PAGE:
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Great Moments

In the Company of Men
Laban Carrick Hill
From the Print Edition:
Claudia Schiffer, Jul/Aug 97

(continued from page 1)

In these places, I began to learn about tobacco and cigar sizes and styles. I learned I liked my cigar end cut with a V. I also found there was a world of difference between a machine-made, mass-produced cigar and a genuine hand-rolled Macanudo. Once you smoked a cigar made from fresh tobacco leaves and rolled in a single leaf wrapper, you couldn't bear lighting up a machine-processed stogie that smelled of chemically treated tobacco.

It was in these stores that I first heard whispers about Cuban cigars. In reverent tones, cigar smokers would stand around a glass counter filled with fine hand-rolled cigars from Jamaica, the Dominican Republic, Honduras and other far-flung locations and recall those moments when they had gotten their hands on a box of this illicit contraband.

One year, my wife and I decided to vacation in Paris. With great anticipation, I had planned to buy nothing else while there except a box of cigars. Cuban cigars. So when we landed, I stopped at the first tobacconist I found and surveyed the selection of cigars. I noticed the price and was astonished to find that after a quick calculation they cost nearly $20 a piece. Quickly, I retreated, not quite ready to make this kind of investment. Even though it was the one purchase I had been anticipating, as the moment approached I began to have doubts about Cuban cigars. Like the old fishing story where the fish keeps getting bigger with each telling, I suspected that Cuban cigars had grown to mythic proportions simply because you could not buy them Stateside.

Fortunately, I had promised a friend to return home with a box of Cuban cigars and could not go back on my word. So one morning toward the end of our trip, I strode into a tobacconist and bought a box of Cuban Ramon Allones Specially Selected. As I triumphantly stepped out of the shop, I felt slightly dizzy, and went straight across the street to a café for a quick café au lait.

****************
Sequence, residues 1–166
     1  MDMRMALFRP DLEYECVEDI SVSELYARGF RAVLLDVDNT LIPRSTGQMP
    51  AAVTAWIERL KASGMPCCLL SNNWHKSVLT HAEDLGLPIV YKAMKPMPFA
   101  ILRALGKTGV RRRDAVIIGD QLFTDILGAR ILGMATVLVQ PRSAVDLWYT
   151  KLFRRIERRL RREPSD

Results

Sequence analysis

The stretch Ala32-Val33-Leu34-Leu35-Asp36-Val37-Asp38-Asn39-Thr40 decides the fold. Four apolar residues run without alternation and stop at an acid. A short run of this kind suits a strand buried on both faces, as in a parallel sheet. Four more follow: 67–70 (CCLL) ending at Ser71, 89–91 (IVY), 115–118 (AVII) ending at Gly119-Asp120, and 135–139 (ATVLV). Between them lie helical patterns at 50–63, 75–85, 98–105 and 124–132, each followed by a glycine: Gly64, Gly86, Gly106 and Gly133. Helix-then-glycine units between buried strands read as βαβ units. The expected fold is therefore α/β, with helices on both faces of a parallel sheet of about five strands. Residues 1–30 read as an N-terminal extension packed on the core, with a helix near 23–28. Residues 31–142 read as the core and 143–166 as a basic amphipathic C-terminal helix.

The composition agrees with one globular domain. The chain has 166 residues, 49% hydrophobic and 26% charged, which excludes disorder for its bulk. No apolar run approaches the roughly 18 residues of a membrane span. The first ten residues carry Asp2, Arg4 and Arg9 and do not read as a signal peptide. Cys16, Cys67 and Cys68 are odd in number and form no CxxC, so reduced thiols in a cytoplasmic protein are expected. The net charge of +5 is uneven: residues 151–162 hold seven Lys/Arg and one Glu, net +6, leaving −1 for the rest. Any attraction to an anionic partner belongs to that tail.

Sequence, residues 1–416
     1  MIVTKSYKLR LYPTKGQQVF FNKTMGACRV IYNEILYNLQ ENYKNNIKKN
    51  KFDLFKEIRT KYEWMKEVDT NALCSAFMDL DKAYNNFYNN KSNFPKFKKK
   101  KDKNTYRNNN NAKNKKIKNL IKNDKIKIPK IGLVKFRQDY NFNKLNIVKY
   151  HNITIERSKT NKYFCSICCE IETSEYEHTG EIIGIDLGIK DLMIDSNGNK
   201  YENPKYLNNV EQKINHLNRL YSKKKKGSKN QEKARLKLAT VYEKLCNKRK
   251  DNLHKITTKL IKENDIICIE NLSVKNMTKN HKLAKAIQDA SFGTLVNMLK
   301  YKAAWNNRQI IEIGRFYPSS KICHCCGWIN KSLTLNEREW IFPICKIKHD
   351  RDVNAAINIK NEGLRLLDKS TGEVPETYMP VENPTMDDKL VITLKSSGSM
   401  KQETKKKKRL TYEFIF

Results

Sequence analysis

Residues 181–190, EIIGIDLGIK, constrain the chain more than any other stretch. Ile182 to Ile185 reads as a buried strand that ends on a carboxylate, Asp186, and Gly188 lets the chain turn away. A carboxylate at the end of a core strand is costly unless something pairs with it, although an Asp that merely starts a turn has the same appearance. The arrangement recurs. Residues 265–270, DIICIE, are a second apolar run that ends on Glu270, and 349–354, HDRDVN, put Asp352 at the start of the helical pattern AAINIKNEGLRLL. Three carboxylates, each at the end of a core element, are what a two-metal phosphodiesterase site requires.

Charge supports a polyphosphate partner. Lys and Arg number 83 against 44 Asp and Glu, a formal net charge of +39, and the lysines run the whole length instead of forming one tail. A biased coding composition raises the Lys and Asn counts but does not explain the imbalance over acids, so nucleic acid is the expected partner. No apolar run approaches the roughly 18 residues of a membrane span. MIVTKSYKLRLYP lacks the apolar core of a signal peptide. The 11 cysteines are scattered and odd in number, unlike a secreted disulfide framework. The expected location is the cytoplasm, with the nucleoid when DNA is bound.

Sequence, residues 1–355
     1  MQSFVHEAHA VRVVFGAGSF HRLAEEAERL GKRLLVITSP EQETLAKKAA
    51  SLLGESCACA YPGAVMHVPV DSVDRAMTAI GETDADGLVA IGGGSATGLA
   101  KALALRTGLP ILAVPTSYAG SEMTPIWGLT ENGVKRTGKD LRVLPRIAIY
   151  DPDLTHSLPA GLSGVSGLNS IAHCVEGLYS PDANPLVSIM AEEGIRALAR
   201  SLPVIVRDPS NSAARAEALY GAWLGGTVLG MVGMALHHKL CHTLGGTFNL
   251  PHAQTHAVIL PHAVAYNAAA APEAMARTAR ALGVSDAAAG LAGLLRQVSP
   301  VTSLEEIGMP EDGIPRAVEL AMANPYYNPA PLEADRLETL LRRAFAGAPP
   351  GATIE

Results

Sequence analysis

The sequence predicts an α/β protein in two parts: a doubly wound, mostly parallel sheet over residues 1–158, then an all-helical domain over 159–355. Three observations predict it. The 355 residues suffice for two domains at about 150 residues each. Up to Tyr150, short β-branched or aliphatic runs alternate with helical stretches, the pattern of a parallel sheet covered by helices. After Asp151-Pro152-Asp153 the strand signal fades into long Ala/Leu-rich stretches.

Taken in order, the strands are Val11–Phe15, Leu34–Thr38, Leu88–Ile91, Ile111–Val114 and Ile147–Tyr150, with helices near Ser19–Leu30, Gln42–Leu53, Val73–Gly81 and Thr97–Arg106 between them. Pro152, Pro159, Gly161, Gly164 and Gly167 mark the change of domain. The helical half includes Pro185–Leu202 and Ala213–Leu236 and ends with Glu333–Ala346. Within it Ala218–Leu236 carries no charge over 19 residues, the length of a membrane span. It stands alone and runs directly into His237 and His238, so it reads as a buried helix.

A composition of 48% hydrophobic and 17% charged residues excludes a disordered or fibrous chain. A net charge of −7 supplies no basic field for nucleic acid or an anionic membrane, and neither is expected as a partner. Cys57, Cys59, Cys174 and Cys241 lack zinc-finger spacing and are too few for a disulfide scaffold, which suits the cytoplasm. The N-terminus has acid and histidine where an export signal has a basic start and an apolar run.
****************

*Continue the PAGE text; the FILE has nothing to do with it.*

I gently cracked the seal of the box with my thumbnail, tipped back the top and inhaled. My nose was treated to a rich, almost coffee-like aroma. Snug in a row were 12 lovely cigars. Afraid to disrupt their uniformity, I paused. Then, I picked out a cigar from the middle. I held it up to the light. Its coloring was darker than my drink. I squeezed it between my fingers and felt its firm buoyancy. I cut the end. After a moment, I placed the cigar in my mouth. It fit. I lit the end, drawing in the flame with the same rhythm that my granddaddy had used so many years before. For that short span I was adrift in a cloud of warm, spiced smoke.

The cigar was heaven. It was then that I realized something my granddaddy perhaps always understood. A good cigar is one that is unhurried. A cigar should never be rushed. Far from the high-stress corridors of city life, Covington, Tennessee, offered the ideal place for the true enjoyment of a cigar. And in that Parisian café, I longed to return to a town much like Covington, and to a house with a front porch swing, upon which I could smoke my cigar with the leisure, attention and appreciation it deserved.

Laban Carrick Hill now lives in a house with a porch and has written several children's novels for Bantam Doubleday Dell.

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